Some teachers will tell you that the breath is the most important part of your yoga practice. I agree with that. Our breath tells us a story. If our breath is smooth and steady, it is likely we are calm and relaxed and the breath can travel more easily to every nook and cranny (you are thinking of Thomas’ English Muffins right now, aren’t you?) in our body, opening up the energetic pathways. If our breath is erratic and labored, it is likely we are straining in our posture or stressed in our body and that is not beneficial whatsoever.
Therefore, it is easy to see that our breath can be our teacher in our practice. If we listen carefully, if we are aware, then our breath will tell us when to slow down the practice, when to back out of a pose. Or if our breath is slow it may tell us that we have further to explore. Since our practice is different from day to day, it is important to not take the breath for granted and to listen each and every time we arrive on the mat. At the beginning of a yoga class a teacher will typically begin with a centering exercise to bring us to the present moment and to help us release any thoughts from what happened before we arrived on the mat and to work toward refraining from thinking about anything that may be planned for later in the day or something else that is ‘on our mind’.
The breath keeps us in the NOW…. In the moment and when we are practicing yoga, that is what we are working toward – noticing if we can be aware of what is going on right now. Once we begin to really understand and benefit from that technique, then we can take that off the mat and begin to think about how awareness of our breath can help us off the mat, like examples Sharon shared in her postings.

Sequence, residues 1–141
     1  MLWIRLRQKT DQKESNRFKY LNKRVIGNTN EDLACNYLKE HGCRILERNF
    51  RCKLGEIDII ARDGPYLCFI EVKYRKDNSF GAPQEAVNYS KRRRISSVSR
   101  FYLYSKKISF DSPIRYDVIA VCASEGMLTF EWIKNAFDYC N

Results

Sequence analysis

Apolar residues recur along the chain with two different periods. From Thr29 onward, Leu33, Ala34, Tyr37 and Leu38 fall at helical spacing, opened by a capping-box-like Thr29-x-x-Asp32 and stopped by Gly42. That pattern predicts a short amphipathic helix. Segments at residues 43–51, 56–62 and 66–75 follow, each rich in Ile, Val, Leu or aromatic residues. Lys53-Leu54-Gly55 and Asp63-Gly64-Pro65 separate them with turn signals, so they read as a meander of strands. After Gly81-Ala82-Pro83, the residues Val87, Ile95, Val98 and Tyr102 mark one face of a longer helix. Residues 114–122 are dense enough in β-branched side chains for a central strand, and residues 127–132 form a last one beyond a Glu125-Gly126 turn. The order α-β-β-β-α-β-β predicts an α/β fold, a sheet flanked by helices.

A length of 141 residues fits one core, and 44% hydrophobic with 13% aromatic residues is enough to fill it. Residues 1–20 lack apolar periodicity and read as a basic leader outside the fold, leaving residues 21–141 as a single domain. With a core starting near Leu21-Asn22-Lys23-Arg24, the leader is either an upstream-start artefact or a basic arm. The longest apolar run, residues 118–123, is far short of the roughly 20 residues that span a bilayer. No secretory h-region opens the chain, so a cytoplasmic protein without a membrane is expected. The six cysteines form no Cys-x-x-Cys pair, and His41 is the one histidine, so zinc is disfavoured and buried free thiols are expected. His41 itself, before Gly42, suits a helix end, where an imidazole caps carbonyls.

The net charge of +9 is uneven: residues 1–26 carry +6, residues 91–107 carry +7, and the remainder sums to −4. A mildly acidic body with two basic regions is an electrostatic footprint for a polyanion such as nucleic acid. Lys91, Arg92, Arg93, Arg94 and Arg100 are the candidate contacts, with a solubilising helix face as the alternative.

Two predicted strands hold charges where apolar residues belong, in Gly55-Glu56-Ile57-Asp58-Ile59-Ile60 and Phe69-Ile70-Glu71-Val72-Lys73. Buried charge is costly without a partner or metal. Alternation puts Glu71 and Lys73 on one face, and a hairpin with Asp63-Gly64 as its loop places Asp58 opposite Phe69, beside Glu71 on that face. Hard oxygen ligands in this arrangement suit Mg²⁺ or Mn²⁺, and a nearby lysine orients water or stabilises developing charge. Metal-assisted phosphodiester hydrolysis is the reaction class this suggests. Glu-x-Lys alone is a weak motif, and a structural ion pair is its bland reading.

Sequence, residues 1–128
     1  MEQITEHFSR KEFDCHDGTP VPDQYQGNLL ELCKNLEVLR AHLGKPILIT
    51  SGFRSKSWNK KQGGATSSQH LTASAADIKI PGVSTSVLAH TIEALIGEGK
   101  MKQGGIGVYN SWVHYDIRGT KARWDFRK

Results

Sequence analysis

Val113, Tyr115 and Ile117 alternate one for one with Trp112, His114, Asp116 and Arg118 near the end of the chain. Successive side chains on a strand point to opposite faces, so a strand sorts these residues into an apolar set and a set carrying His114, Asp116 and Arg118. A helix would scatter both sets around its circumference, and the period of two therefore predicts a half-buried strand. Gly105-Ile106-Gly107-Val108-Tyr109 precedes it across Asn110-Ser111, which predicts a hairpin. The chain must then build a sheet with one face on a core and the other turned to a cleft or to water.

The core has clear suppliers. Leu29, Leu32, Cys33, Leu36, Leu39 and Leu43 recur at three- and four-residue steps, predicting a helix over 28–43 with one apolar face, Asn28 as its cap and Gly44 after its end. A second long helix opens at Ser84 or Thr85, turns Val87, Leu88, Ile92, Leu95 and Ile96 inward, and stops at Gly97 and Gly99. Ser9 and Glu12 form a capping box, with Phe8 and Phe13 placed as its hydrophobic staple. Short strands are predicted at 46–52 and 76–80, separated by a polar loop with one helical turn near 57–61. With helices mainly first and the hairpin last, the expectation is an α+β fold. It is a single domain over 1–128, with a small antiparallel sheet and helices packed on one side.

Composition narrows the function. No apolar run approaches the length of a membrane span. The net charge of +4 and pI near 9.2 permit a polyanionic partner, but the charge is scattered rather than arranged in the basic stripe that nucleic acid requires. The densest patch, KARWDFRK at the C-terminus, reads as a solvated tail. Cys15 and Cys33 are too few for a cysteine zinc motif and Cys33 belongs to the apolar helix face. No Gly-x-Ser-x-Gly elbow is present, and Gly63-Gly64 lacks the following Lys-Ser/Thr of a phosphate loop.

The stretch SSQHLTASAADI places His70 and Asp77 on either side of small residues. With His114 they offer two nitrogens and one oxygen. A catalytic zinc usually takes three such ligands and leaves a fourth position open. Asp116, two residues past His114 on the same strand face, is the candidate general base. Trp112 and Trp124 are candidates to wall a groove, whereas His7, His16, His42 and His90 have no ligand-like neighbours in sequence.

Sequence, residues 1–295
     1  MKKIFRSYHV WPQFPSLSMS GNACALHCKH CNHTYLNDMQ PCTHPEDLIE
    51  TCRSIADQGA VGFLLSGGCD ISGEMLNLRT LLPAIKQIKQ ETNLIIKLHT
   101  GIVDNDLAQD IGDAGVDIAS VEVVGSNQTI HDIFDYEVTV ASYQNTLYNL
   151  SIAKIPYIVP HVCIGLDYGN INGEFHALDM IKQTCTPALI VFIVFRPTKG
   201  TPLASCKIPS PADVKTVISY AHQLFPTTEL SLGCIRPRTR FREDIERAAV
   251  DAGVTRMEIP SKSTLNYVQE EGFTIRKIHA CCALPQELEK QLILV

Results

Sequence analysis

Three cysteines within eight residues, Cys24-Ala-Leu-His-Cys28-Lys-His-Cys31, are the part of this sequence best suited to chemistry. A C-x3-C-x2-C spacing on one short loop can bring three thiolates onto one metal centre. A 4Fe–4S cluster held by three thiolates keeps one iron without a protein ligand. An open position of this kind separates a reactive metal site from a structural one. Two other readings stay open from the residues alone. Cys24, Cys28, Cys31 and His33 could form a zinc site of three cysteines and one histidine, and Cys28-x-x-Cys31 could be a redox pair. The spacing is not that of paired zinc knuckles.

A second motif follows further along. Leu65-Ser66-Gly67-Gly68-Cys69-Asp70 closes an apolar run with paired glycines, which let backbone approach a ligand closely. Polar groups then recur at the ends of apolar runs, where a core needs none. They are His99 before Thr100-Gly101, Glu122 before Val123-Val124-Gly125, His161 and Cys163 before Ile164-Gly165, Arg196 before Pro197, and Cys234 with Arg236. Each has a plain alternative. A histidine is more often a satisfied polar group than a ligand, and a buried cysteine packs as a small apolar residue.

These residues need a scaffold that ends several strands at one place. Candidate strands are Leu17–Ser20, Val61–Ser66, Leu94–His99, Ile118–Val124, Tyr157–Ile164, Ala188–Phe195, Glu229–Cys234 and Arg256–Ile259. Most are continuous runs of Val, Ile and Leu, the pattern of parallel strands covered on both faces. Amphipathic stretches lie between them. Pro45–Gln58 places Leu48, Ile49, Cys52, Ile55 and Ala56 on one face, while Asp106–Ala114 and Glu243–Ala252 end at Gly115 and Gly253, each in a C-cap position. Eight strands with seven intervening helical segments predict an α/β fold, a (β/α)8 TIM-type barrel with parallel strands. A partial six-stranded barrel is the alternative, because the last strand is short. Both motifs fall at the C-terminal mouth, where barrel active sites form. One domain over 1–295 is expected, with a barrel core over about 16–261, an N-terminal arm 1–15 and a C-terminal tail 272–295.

Yoga is NOT about whether or not we can bring our foot behind our head or do a ‘fancy’ pose. It is about being in the moment, releasing from the one-hundred-and-one things that go through our mind at any moment so we can find stillness – it is in the moments of stillness that we become more familiar with our true Self and we can begin to integrate the body, mind and soul/spirit!
In an upcoming posting in our Self Examination series I will share more about Pranayama and specific techniques as well as information about Meditation.
In the meantime, next time you step on the mat, see if your breath has a story to tell you!
You can cry tears of joy
Zaffron is not a word
Saffron is a spice
A zafu is something you sit on
A blanket is a blanket
Poetry can have many meanings
You can not drive and do alternate nostril breathing
In India they eat with their right hand
There is an alligator within all of us
The term “Sage-asana” will travel the world next year
Bhagavad Gita is not a song by Iron Butterfly
Seriously….I spent the weekend with the Most Amazing Women. Thank you for letting me be a part of something so profound!
***Yoga is not dumb trademark Meghan 🙂
I have decided to take it that one step further and discuss a common ailment these days…ANXIETY!!! Do not tell me you have never had a moment when you felt anxious and wished you could remove yourself from a situation. How about that airplane ride???
Or that public speaking event??? Going to the doctors???? Or dentist????
It is really quite simple, when we get anxious we tend to breathe too fast and the oxygen/carbon dioxide levels are thrown off balance and can cause nausea, confusion and even light headedness. By slowing your breathing you can recreate balance and the parasympathetic system (there is that term again) calms us down. Of course yogic breathing is not meant to solve all our problems but it can help in many situations. Be sure to visit the website http://www.yogajournal.com search anxiety, there is a multitude of helpful articles.
In my last posting “Listen To Your Body” I mentioned the old phrases “count to ten” and “take a deep breath” as ways to calm yourself down during a stressful or upsetting situation.